Tuesday, 11 November 2014

The Hunger Games - Mockingjay Part I Review

As far as adaptations of YA novels go, Suzanne Collins' The Hunger Games series stands on the very pedestal that many strive to reach. Since its introduction to adoring fans, a whole new generation has begun, with the representation of war and loss presented for a younger audience to embrace and digest. With such success also comes expectation, and with the third film in the series, The Hunger Games - Mockingjay Part I arriving, those anticipation levels have hit a peak.
Katniss Everdeen (Jennifer Lawrence) has survived the Hunger Games Quarter Quell and is now immersed in a rebellion that thrusts her front and centre as the beacon of hope. As Panem's very own Mockingjay, Katniss is the very spirit whose defiance against the Capitol and President Snow has sparked a fightback and ultimately a revolution. Driven by President Alma Coin (Julianne Moore) and Plutarch Heavensbee (Philip Seymour Hoffman) she must rally the troops, provide propaganda videos and fight the good fight to finally free the people of the despicable forces currently in charge.
That doesn't come lightly though, with Katniss far from devoid of her own troubles on a personal level. Haunted by the traumatic two Hunger Games she has competed in, Katniss is riddled by nightmares and feels almost removed from those around her. Add to that her concern for Peeta (Josh Hutcherson) - currently within the clutch of Snow - and a man who loves her on a different level to her own emotions in Gale (Liam Hemsworth), Katniss is going to require plenty of steel to get through these difficult and testing times.
It can often be a risky move in making a drastic change in tone in a franchise but in Mockingjay this shift in focus is utterly justified as we move on from the Games of the title to much more grounded and affecting territory. The bigger picture of Collins' series is focused on war and the consequences of battle and this is captured none moreso than in Francis Lawrence's return to bring to life her next page turner.
Gone are the colourful, vibrant costumes of the opening ceremonies, the glamour of the contestant quarters and everything in between, all replaced by a grey pallet. A world thrust into
rebellion and war, a rubble-filled series of districts plagued by violence and destruction; one that is simply exquisite in its detail and powerful in its presentation. Lawrence has a strong world to represent and in visiting various Districts creates some hugely emotive and flooring scenes and imagery. Rubble, bodies and remains all combine to leave the audience with a striking realisation that this is a world in turmoil and never far away from conflict.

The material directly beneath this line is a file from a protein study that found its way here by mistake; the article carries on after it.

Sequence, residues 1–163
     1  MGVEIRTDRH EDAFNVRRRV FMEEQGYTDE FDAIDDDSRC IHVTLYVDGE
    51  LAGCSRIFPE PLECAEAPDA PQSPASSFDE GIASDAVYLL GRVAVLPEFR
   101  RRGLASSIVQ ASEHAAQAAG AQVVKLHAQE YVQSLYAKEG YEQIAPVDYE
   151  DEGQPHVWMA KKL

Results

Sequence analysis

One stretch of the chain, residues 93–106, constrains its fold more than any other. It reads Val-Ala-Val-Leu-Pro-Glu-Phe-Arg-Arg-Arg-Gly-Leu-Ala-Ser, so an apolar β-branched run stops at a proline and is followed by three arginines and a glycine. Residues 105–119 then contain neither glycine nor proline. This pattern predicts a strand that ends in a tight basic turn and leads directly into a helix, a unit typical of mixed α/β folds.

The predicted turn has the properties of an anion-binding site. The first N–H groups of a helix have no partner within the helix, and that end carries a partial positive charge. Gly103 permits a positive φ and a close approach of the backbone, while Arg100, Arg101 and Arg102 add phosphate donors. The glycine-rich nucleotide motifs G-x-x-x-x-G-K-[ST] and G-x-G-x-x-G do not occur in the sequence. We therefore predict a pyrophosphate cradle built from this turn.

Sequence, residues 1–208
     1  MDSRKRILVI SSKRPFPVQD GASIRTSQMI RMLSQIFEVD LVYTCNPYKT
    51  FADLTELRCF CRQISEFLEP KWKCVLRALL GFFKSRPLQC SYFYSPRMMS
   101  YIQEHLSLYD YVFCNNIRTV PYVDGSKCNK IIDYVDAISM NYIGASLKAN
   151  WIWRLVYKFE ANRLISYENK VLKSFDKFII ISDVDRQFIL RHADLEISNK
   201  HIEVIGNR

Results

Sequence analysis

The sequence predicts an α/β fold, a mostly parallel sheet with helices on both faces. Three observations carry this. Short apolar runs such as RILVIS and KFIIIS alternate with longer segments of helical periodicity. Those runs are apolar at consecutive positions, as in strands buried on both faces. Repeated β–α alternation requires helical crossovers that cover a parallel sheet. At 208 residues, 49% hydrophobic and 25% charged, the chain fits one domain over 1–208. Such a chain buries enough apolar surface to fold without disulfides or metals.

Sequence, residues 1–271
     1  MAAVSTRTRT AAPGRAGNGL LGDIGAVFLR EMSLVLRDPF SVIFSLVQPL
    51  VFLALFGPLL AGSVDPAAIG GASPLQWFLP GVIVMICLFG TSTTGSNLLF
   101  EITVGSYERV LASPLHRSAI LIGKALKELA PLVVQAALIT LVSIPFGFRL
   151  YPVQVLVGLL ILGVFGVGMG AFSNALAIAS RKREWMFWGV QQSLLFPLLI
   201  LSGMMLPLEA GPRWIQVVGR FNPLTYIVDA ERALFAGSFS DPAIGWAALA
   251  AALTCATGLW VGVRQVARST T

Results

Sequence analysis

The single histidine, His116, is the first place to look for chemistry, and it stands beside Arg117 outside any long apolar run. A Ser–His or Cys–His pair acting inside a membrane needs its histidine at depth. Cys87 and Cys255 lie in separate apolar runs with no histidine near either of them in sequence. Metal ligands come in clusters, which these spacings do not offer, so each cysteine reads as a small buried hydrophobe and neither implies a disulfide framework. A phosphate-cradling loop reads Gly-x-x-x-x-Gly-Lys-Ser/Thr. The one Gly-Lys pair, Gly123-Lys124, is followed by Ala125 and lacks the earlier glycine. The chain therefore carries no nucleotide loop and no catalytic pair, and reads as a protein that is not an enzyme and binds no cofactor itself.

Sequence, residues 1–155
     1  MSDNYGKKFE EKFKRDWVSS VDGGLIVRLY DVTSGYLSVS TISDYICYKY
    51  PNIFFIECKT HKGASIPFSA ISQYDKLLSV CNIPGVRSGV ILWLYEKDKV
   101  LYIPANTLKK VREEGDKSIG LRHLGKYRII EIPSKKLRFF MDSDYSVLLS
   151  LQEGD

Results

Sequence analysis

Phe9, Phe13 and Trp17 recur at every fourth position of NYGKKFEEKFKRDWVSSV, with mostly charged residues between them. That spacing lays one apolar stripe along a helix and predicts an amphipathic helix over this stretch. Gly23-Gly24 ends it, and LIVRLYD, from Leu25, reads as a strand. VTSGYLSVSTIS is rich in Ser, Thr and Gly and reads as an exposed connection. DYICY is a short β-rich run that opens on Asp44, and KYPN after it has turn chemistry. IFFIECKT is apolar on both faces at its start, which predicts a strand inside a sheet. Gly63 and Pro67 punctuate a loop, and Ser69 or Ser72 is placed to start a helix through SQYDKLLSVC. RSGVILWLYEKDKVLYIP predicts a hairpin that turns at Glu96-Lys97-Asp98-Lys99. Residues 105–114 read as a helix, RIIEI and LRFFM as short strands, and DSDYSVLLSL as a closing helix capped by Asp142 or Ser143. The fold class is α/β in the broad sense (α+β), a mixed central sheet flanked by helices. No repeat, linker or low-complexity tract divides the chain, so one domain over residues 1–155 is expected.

That feeling also emanates throughout as another spellbinding performance from Jennifer Lawrence comes to fruition. Her execution as a war-trodden, plagued Katniss is a sheer delight and connects on every level. Whether interacting with her family (favourably increased this time round), breaking down at the state of Peeta on the television or facing the brutality she has to come face-to-face with, Lawrence conveys the emotional impact with great gusto.

Lawrence isn't the only guiding light as her comrades and support cast all present additional favourable elements to the film. Gale's chunkier role this time around proves Hemsworth possesses a great likeability, while both Moore and the late Hoffman bring forth the authorative figures brilliantly. The return of the likes of Elizabeth Banks and Woody Harrelson will no doubt

delight and provide some well-timed laughs and Donald Sutherland continues to induce fear and loathing as he takes Snow to another level. Put quite simply, this is a dream cast that contains too many exceptional performances to mention in one analysis.

Fans of the book will also feel wholly satisfied with the end product, with only slight alterations to the source material, but little to deter from the story they have been privy to. In fact, the conclusion to the film will no doubt leave everyone aghast and the inclusion of a Godzilla-esque rescue sequence will have even seasoned readers of the book edging towards the corner of their seat. Such changes are necessary and work to great effect throughout.

Mockingjay - Part I is a great removal from the two outings we have journeyed through previously and the tonal shift is superbly executed. Lawrence and co once again prove that this is one of the most consistent and all-round compelling franchises in recent times, and there's little denying this trumps its predecessors. Gritty, affecting and enthralling, Francis Lawrence has done it once again and delivered one of the blockbusters of the year. 

Film Rating: 5 F's out of 5